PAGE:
How to Clean Up Fully Merged Feature Branches
April 2022 by Bruno Brito

How to Clean Up Fully Merged Feature Branches

Any Git repository may have several outdated branches lingering around. You realize it may be a good idea to clean up your project, but you're not sure which feature branches can be safely removed. Now what?
No worries — you've come to the right place. Let's find out how to delete fully merged branches from a Git repository with confidence.

Most projects have a designated base branch where all feature branches eventually get merged into, such as main or master. Depending on the workflow you are using, there may be more long-running branches; for example, some projects also have a next branch, where the next release is prepared.

Base branches play an important role in determining if branches have been merged, because Git can only tell you that a branch has been merged into some other branch — it cannot determine if a branch has been merged in a way that it can be deleted.

For example, a branch could have been merged into next but not into main yet. How can you be sure?

Introducing git branch --contains and git branch --merged

Git provides two helpers:

  1. git branch --contains <commit>
  2. git branch --merged <commit>

By typing git branch --contains <commit> you will get the list of branches that contain the named commit. Your local list of branches will be filtered by the branches who are a descendant of a certain branch (or arbitrary commit). You could type git branch --no-contains <commit> to get the opposite list.

In other words, the given branch has been merged into the listed branches. This would help you in determining if a branch has been merged into next and main.

With git branch --merged <commit>, your local list of branches will be filtered by all the branches who have been merged into a given branch or commit. Similar to above, you could type git branch --no-merged <commit> and only the branches not merged into the named commit would be listed.

This would help you get a list of branches that have been merged into next. To see which branches have also been merged into main, you would need to run the command again.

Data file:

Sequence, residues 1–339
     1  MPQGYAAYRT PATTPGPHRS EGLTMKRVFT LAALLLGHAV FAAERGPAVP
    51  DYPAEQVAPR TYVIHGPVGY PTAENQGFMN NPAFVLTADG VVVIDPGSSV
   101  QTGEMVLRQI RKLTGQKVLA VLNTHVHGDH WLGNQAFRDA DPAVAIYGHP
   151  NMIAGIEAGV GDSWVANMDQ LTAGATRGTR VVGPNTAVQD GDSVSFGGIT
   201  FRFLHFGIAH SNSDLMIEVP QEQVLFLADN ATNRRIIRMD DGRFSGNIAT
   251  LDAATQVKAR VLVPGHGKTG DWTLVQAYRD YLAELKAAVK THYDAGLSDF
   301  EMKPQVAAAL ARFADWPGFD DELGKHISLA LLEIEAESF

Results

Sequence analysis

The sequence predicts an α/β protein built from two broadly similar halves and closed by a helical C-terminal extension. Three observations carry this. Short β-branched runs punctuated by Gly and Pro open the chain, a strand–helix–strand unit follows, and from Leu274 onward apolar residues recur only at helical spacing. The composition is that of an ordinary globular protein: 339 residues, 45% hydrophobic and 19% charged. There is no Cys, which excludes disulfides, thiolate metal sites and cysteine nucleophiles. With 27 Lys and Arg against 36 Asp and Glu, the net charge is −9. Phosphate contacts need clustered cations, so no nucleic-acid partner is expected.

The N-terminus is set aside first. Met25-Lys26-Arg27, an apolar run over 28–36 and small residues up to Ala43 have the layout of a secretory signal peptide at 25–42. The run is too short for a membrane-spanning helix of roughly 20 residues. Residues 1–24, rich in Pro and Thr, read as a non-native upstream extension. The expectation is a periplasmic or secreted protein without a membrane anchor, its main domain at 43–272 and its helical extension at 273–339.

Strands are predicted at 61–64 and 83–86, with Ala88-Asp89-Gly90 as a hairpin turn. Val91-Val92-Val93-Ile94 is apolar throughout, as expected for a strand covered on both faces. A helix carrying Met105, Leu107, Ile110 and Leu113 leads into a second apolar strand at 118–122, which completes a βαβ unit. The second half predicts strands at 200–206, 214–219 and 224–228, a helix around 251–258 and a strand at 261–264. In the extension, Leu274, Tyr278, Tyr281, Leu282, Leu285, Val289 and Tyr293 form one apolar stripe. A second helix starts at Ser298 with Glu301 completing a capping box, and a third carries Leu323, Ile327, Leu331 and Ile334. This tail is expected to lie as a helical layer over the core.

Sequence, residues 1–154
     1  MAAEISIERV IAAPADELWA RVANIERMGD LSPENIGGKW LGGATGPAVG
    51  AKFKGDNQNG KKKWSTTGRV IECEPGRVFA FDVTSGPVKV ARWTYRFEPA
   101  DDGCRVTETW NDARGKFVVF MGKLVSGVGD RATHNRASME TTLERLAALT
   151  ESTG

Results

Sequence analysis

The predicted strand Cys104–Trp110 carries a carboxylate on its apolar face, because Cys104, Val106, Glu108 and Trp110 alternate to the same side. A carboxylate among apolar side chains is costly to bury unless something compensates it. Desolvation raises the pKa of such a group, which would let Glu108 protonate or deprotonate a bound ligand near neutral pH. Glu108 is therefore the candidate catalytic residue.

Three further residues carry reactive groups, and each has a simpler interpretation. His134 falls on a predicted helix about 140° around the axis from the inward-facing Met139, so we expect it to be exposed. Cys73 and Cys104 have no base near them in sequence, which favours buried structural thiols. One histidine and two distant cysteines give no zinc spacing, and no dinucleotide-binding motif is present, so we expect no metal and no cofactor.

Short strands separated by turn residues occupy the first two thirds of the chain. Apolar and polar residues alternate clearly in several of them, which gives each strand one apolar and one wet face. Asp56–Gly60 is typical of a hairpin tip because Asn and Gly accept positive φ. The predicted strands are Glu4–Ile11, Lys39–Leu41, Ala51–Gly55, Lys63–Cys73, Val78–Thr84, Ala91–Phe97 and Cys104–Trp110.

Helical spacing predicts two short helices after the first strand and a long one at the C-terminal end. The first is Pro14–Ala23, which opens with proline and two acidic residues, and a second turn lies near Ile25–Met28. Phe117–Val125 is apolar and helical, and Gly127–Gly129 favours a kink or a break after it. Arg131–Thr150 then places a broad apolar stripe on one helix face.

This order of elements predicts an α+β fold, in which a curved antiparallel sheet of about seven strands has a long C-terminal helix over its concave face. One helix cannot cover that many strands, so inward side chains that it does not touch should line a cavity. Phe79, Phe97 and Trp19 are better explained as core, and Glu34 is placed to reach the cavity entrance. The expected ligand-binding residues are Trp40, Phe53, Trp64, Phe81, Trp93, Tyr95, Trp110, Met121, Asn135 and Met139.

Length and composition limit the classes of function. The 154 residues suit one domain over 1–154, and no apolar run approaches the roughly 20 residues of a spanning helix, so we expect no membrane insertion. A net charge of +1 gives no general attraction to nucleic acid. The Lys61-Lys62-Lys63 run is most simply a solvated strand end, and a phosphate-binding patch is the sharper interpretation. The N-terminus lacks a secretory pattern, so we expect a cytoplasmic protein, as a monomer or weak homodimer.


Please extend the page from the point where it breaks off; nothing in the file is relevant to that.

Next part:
To put it another way, contains and merged are like a relationship and its inverse:

Difference between "Contains" and "Merged"
Difference between "Contains" and "Merged"

Note that these commands will only work with your existing local branches. Git doesn't magically detect which branches have been merged into e.g. next for all history backwards — it simply checks your local branches one by one.

However, you can use the -r option to run the checks against remote branches.


There is a caveat: this only works if you merged branches through a plain git merge. If you squash-merged a feature branch, cherry-picked a small feature branch, or somehow altered the commit hash, Git won't be able to detect if a given branch has been fully merged!

As an alternative, you check each branch individually with git cherry -v, which will compare by diffs instead of hashes. Unfortunately, this isn't foolproof either; if you split up commits, for example, it won't be helpful.

This command requires a specific base branch to be given for comparison of a feature branch.

Let's find out how this can be simplified with Tower, our Git GUI for macOS and Windows.

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Cleaning Up Merged Branches In Tower

Based on the explanation above, filtering or answering the “Fully merged?” question is more effective if the user specifies a set of base branches that can be compared against.

For this reason, we introduced a new "Branches Review" view in Tower 8 for Mac.

This view compares your local branches to a base branch. You can filter this list of branches by "Fully Merged" to figure out the ones that can safely be deleted:

Cleaning Up Merged Branches in Tower

As you can see, with Tower, a cleaner repository is only a few clicks away!

This is only one of the several advanced features you can find in Tower. Don't forget that you can try it for free for 30 days!

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